Keywords: encoding models, interpretability, neuroscience, fMRI, regression, neurolinguistics
TL;DR: Encoding models are a popular tool that reveals which brain zones are affected by the properties of a stimulus, but are these zones affected in the same way?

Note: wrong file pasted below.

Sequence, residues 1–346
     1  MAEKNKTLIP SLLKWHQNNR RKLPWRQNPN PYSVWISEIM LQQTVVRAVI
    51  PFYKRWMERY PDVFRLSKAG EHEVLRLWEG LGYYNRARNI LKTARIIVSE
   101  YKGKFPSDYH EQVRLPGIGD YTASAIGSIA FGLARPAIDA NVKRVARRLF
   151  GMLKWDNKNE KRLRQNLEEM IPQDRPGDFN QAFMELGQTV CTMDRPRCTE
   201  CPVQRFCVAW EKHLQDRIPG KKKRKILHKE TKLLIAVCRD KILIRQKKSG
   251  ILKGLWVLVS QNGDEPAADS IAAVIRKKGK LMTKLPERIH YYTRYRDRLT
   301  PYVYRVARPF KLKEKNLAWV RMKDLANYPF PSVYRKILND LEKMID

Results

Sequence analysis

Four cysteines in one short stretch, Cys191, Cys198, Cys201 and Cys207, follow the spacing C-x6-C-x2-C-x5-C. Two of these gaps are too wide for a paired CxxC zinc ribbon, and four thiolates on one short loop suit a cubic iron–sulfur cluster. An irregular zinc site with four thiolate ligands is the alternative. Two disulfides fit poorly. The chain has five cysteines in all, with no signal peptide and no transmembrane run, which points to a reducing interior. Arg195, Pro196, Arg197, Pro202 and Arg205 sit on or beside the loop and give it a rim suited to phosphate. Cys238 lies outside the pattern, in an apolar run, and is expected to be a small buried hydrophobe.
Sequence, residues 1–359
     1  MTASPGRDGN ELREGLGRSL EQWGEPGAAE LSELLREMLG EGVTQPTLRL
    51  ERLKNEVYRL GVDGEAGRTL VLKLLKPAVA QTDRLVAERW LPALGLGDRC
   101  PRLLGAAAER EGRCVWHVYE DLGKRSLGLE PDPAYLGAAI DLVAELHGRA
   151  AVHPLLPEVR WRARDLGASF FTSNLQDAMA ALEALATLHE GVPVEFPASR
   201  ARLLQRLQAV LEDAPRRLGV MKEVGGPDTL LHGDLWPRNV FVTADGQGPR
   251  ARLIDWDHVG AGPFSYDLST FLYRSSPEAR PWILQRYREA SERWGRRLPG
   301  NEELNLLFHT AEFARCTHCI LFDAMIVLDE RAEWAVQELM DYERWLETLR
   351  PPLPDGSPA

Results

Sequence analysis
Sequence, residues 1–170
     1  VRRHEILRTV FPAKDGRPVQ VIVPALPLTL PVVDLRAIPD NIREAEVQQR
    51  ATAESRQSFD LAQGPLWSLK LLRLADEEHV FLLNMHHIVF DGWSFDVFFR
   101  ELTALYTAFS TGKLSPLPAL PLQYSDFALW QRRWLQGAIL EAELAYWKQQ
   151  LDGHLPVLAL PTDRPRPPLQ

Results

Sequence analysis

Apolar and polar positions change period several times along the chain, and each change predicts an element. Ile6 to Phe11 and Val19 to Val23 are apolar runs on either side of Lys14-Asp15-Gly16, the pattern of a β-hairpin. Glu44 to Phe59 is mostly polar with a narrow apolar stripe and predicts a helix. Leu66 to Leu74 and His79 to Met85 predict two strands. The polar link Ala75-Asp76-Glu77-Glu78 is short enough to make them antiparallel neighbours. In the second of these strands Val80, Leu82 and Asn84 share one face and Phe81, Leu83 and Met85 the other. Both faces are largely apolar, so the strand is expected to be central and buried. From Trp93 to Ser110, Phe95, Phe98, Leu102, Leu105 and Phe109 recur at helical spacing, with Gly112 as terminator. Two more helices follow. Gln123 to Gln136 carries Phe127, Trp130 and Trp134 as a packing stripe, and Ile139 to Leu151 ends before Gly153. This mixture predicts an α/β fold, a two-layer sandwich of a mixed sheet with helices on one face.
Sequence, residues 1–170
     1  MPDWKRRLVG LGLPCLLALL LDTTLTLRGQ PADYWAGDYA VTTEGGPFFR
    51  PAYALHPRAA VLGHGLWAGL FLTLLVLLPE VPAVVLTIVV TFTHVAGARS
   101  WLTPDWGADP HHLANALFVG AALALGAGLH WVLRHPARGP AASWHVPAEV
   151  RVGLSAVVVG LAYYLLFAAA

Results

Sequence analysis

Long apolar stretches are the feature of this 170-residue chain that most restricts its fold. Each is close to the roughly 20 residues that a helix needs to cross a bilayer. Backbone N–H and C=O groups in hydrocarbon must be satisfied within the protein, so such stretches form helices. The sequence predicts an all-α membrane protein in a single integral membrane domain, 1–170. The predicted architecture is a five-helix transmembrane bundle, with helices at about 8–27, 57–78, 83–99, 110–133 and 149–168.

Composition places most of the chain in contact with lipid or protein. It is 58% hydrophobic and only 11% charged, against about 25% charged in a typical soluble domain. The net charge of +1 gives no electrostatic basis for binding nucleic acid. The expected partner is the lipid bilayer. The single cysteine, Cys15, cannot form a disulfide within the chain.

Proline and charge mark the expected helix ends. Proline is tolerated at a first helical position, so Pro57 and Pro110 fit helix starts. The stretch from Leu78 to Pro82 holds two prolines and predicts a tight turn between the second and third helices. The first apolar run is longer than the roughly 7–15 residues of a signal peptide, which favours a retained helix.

Abstract: To study information processing in the brain, neuroscientists manipulate experimental stimuli while recording participant brain activity. They can then use encoding models to find out which brain "zone" (e.g. which region of interest, volume pixel or electrophysiology sensor) is predicted from the stimulus properties. Given the assumptions underlying this setup, when stimulus properties are predictive of the activity in a zone, these properties are understood to cause activity in that zone. In recent years, researchers have used neural networks to construct representations that capture the diverse properties of complex stimuli, such as natural language or natural images. Encoding models built using these high-dimensional representations are often able to significantly predict the activity in large swathes of cortex, suggesting that the activity in all these brain zones is caused by stimulus properties captured in the representation. It is then natural to ask: "Is the activity in these different brain zones caused by the stimulus properties in the same way?" In neuroscientific terms, this corresponds to asking if these different zones process the stimulus properties in the same way. Here, we propose a new framework that enables researchers to ask if the properties of a stimulus affect two brain zones in the same way. We use simulated data and two real fMRI datasets with complex naturalistic stimuli to show that our framework enables us to make such inferences. Our inferences are strikingly consistent between the two datasets, indicating that the proposed framework is a promising new tool for neuroscientists to understand how information is processed in the brain.
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